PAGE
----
With the American public demanding this change, the Mint, the Commission of Fine Arts, and the coin designer all sought to change the design to meet public approval. The final design was accomplished through the efforts of Chief Engraver George T. Morgan. He was able to remove all traces of the Broken Sword and to re-engrave the hub. Morgan, even at his advanced age, was meticulous in removing all traces of the sword and making the design area look natural and normal. Morgan added an extra olive branch and olives to complete the design, He also had to strengthen the rays emanating from the sun to make them look natural and re-engrave a portion of the mountain top on which the eagle is perched.
The New York Herald took full credit for causing the public outcry and for “preventing the issue of a coin which would have misled foreigners as to the attitude of this peace loving but not pacifistic nation.”
Minting these Coins
On December 28, 1921, the presses began striking these “high relief” silver dollar coins. Over one million of these new coins were struck at the Philadelphia Mint during the last four days of 1921. The first coin was set aside to be presented to President Harding and other dignitaries and the designer himself were able to obtain some of the early strikings.
The “high-relief” designs proved problematic for George Morgan as the Mint was able to strike roughly 25,000 coins before the dies began to shatter. But during the minting of the earlier Morgan Silver Dollar series, the Mint was able to strike about 200,000 coins prior to new dies were needed. In February of 1922, de Francisci and Morgan, out of necessity, reduced the relief to ensure longer die life.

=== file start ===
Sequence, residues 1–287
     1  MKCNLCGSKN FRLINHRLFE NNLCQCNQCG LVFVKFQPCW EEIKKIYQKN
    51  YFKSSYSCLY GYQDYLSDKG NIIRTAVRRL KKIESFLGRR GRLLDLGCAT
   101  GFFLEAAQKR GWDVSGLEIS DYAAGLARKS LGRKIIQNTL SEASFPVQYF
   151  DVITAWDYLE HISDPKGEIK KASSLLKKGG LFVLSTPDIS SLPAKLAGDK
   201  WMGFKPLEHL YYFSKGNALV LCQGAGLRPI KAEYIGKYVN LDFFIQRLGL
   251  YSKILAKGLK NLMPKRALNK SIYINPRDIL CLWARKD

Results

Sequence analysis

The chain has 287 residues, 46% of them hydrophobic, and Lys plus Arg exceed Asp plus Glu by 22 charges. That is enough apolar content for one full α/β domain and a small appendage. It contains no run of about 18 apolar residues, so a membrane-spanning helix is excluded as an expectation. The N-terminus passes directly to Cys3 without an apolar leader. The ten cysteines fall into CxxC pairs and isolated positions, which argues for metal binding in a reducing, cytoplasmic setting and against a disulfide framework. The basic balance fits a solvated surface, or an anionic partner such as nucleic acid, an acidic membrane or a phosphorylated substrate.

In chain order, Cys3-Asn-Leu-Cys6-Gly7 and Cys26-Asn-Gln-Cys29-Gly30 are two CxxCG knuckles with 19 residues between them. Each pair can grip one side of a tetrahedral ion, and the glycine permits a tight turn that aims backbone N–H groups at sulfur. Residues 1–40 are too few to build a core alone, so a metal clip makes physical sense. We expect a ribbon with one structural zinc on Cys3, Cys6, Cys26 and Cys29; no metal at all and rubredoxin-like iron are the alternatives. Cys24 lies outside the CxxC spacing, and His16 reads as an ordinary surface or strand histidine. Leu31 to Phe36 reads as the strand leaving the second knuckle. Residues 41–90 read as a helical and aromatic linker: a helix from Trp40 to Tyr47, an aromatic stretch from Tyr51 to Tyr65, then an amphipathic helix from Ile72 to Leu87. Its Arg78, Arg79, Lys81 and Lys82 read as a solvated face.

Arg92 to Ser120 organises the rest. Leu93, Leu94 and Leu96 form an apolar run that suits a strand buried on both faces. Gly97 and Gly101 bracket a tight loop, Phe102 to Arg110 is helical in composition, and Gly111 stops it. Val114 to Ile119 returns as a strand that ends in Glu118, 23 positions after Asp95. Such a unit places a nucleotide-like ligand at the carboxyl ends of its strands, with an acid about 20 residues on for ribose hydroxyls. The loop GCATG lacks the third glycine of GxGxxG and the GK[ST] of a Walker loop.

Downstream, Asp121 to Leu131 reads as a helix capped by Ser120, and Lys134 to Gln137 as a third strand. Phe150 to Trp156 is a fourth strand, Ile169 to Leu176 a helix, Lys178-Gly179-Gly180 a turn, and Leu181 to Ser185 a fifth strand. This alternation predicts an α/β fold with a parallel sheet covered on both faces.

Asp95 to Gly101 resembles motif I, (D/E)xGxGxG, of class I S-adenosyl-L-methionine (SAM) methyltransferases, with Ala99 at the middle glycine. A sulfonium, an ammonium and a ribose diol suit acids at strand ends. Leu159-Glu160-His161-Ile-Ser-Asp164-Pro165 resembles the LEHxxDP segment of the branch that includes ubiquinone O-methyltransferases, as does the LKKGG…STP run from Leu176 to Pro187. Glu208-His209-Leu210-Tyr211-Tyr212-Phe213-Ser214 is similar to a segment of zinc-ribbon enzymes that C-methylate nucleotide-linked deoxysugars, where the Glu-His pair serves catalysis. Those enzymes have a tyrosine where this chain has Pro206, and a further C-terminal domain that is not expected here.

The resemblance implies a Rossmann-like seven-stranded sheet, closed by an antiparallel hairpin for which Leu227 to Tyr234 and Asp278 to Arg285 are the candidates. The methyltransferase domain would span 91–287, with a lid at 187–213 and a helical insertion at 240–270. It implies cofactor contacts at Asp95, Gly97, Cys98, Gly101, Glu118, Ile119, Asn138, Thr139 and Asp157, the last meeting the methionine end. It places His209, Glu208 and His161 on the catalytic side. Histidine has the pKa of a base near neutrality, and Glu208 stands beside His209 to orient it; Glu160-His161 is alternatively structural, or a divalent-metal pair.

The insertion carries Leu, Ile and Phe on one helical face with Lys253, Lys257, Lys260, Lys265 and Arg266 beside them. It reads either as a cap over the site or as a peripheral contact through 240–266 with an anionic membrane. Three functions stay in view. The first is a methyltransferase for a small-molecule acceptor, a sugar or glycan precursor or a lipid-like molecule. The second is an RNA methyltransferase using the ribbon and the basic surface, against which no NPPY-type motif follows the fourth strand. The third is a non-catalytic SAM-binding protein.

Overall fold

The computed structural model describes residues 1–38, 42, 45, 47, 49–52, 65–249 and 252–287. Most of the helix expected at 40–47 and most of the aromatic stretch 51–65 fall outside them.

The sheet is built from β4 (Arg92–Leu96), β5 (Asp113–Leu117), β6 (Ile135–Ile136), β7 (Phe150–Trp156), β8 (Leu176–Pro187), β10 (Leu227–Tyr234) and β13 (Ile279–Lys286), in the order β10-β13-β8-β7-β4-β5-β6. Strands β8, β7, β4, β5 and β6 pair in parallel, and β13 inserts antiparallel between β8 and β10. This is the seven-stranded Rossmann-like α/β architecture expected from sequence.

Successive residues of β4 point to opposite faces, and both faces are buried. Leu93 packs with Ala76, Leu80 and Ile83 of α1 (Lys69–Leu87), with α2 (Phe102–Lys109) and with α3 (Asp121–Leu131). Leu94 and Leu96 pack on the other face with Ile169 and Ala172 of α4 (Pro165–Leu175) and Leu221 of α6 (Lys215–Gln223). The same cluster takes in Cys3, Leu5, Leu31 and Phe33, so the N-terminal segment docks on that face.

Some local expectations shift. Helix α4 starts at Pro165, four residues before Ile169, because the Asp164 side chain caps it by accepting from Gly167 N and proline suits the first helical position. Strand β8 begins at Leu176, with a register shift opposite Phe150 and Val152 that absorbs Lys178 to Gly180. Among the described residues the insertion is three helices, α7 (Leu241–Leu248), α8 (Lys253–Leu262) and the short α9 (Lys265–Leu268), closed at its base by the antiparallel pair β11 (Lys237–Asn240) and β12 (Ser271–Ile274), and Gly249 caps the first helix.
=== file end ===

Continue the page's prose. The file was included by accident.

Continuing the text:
The coins met with a mixed public reaction when they were finally released. The American Numismatic Association published numerous letters and comments from notables of the day. Coin dealer and former ANA President, Farran Zerbe, commented that “With utility defects remedied it should be a pleasing and satisfactory coin for long and good service, and the ANA can deservedly call it its coin.”
Howland Wood, curator of the American Numismatic Society, delivered his comments to the ANA as well. “The new Peace Dollar is good; the design and composition is both bold and original. We understand that de Francisci and the other artists competing had but two weeks in which to present their respective designs. If this is true, it is the fault of the Government or those in charge of the new coinage that no more time was allowed. Considering this, we think de Francisci—and, in fact, any other artist who competed should be congratulated.”